Monday, May 3rd, 2021

Nature preserve joins list of old growth forests

By William Kincaid

The Baker Woods Nature Preserve in Coldwater.. . .

COLDWATER - Baker Woods State Nature Preserve has joined the ranks of the oldest know forests in the nation.
The woods, located at 4316 Saint Anthony Road, is one of four state nature preserves that in April were inducted into the Old Growth Forrest Network, a series of protected native forests where people can experience biodiversity and the beauty of nature. The OGFN organization is based in Easton, Maryland.
"Majestic forests that supported abundant biodiversity were this nation's inheritance. The vast majority of those forests have now been removed or radically altered (average loss is 95% in the west and 99% in the east)," OGFN states.
OGFN seeks to locate and designate at least one protected forest in every county that can sustain one.
"The problem is if we don't manage for old growth, we'll never have it again," Jeff Johnson, Ohio Department of Natural Resources' chief of natural areas and preserves, told the newspaper.
Old-growth forests are increasingly rare and ecologically important environments for a variety of native species, a ODNR news release states.
"The OGFN includes forests with these valuable attributes that are publicly accessible and have formal protection against commercial logging. With this year's induction class, Ohio now has eight state nature preserves in the network," the release states.
The newly bestowed designation of this natural site north of the village of Coldwater is a major recognition of a protected forest, Johnson asserted.
"By dedicating this and putting this is in the network, it gives a little recognition. You've got a site that has older trees," he said. "Some of those trees in there are probably 150-to-200-year-old trees in there. Definitely not the 400-to-500-year-old that you expect in a virgin (tract) of trees but at least it's halfway there. It's on the way."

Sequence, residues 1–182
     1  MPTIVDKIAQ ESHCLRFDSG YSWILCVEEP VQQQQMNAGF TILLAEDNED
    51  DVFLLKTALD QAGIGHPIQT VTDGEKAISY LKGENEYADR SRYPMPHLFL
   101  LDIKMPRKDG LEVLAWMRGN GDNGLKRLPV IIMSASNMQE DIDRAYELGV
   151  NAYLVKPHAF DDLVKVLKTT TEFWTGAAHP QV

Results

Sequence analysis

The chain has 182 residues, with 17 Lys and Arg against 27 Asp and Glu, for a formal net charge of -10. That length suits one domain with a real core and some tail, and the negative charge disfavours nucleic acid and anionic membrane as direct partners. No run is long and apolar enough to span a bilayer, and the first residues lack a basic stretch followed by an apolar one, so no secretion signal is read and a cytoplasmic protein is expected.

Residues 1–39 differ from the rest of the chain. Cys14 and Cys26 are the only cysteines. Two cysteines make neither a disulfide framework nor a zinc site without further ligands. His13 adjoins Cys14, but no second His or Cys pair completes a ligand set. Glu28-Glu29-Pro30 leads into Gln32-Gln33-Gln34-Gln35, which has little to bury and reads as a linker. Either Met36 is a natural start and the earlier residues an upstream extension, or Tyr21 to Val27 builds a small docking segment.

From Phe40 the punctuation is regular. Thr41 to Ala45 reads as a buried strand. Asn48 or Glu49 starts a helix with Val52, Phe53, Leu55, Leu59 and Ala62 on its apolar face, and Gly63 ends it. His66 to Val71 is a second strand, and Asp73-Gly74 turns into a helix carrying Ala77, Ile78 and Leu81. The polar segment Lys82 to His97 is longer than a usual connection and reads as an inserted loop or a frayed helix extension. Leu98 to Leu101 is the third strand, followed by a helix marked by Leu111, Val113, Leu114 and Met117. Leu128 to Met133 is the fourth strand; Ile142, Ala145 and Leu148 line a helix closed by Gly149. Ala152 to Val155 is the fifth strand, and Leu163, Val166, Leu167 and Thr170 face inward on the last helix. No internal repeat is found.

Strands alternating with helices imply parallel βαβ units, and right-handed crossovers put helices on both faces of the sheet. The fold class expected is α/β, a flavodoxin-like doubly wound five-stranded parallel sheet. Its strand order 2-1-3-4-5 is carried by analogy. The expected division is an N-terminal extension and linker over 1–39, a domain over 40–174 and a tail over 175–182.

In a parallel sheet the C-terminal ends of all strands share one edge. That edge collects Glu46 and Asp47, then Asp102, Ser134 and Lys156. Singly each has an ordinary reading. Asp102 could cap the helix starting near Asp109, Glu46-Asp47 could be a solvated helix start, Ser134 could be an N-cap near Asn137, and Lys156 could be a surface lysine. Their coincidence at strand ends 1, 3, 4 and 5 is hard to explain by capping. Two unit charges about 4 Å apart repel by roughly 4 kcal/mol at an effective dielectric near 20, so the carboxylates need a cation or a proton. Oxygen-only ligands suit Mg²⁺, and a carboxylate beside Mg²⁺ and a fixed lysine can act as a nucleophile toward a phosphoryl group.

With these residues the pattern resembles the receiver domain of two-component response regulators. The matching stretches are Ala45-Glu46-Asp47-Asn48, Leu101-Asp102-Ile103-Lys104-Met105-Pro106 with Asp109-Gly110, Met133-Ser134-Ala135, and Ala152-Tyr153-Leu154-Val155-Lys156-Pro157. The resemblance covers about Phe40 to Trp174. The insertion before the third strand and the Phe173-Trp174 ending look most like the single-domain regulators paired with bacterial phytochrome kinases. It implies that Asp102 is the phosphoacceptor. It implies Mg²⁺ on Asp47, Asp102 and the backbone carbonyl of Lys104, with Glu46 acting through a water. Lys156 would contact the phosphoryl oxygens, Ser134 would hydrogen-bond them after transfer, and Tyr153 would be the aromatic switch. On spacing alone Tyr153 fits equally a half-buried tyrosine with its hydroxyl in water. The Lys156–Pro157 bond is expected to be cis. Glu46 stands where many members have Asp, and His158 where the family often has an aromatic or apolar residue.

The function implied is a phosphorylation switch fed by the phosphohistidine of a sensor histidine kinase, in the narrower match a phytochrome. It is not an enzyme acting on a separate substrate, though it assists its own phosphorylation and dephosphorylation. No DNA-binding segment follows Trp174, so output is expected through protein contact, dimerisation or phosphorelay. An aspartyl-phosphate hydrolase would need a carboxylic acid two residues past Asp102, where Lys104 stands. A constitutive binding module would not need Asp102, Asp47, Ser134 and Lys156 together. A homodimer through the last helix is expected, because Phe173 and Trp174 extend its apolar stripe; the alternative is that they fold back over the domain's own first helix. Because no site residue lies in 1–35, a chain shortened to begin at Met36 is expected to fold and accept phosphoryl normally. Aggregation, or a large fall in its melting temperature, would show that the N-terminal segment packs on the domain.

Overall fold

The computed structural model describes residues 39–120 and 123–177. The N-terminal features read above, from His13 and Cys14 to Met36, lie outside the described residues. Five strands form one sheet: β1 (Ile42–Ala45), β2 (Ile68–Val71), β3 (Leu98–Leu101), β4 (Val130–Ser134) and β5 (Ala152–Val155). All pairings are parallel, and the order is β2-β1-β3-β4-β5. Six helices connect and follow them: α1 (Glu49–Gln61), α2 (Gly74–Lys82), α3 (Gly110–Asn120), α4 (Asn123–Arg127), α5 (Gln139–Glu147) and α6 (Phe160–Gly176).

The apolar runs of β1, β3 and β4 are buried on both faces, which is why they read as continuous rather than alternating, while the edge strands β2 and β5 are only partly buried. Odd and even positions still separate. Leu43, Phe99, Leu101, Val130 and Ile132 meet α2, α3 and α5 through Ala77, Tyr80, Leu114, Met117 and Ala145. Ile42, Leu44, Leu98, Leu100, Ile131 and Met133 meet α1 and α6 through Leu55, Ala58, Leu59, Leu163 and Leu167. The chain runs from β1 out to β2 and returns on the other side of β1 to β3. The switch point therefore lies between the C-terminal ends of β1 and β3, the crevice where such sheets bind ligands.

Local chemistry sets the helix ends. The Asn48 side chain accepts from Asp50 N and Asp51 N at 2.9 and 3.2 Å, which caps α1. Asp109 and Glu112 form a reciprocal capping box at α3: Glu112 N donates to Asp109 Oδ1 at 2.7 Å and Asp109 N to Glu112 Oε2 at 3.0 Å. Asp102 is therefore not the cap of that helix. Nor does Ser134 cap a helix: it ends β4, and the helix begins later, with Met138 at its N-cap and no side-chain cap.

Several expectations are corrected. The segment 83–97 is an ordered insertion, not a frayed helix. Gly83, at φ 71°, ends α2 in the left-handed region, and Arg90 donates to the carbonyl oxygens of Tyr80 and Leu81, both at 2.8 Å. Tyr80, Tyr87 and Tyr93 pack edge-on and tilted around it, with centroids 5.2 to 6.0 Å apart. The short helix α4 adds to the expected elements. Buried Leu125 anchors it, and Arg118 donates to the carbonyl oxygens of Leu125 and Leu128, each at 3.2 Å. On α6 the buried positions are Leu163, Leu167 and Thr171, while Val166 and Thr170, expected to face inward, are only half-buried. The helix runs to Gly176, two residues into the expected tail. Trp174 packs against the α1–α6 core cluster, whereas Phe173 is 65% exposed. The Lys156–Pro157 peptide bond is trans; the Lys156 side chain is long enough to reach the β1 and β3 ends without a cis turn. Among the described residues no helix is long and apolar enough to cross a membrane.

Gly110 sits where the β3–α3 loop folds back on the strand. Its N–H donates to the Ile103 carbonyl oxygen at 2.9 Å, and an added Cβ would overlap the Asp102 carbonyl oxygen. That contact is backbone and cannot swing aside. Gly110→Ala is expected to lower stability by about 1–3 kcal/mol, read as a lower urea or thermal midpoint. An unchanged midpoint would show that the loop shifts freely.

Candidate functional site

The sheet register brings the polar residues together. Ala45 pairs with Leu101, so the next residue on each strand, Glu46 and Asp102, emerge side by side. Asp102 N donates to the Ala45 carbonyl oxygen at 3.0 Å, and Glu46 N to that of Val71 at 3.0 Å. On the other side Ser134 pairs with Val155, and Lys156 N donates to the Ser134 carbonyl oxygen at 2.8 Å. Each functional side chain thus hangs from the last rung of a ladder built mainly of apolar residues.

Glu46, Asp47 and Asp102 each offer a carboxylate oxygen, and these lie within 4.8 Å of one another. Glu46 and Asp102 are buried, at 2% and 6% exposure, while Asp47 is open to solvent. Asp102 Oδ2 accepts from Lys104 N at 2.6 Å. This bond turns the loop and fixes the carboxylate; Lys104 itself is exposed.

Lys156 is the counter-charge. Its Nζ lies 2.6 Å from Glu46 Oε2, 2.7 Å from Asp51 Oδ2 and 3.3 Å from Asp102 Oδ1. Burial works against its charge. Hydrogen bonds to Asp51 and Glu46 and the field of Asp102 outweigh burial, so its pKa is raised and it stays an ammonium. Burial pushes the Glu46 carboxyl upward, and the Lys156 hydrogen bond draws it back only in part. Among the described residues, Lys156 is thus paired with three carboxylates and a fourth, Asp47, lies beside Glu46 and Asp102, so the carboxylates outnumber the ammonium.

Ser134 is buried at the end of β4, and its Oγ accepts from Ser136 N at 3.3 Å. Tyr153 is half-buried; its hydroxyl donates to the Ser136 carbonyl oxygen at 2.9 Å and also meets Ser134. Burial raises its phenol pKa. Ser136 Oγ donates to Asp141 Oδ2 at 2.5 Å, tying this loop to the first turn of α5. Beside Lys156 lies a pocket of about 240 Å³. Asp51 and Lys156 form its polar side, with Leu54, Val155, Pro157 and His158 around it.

Moreover, the OGN classification may spur additional interest in Baker Woods, he said.
"Somebody in California that may never ever hear of Baker Woods can get onto this website (oldgrowthforest.net), see that there's 18 sites in Ohio that have been designated, one of them's Baker Woods," he said.
In fact, Ohio has the most forests listed int the OGN, he quickly added.
"Ohio, right now anyhow, is leading the way with recognizing and trying to find these sites," he said.
Baker Woods was donated to the state by Lela Mae Baker in 1992. It comprises 47 acres, of which 42 are considered old-growth, per OGN's website. It contains a 1.3 mile trail or a shorter loop of 0.6 miles for visitors to enjoy.
White and red oaks dominate the drier areas of the woods while the wet areas consist largely of swamp white and burr oaks and an understory of American elm, according to an article written by Michelle Comer, a regional manager of ODNR's Division of Natural Areas and Preserve.
Numerous pawpaw trees that produce a tropical fruit that tastes much like a mango also grow along the trail in wetter areas of the woods.
"In the spring, the forest awakens with a carpet of spring wildflowers. In the summer, a cloud of mosquitoes will faithfully follow you on your ramble," she wrote. "If you can tolerate them, it's worth it. The fall, with its blaze of color and rich woodsy smell, will astonish you. Winter brings a beauty all its own - the quiet solitude of a sleeping forest with just footprints in the snow."
Baker Woods, like other state natural areas and preserves, is intended for passive recreation, natural observation, research and education and is open to the public one-half hour before sunrise to one-half hour after sunset, according to the state.
Visitors are required to stay on the trails and picnicking is permitted only in areas immediately adjacent to the parking lot.
Vehicles, bicycles, roller blades, skateboards and pets all are prohibited.
Subscriber and paid stories on this date
CELINA - A volunteer who put his heart into maintaining the Baker Woods State Nature Preserve will be honored this month with a ceremony and wild flower walk named in his memory.
Compiled by Gary R. Rasberry
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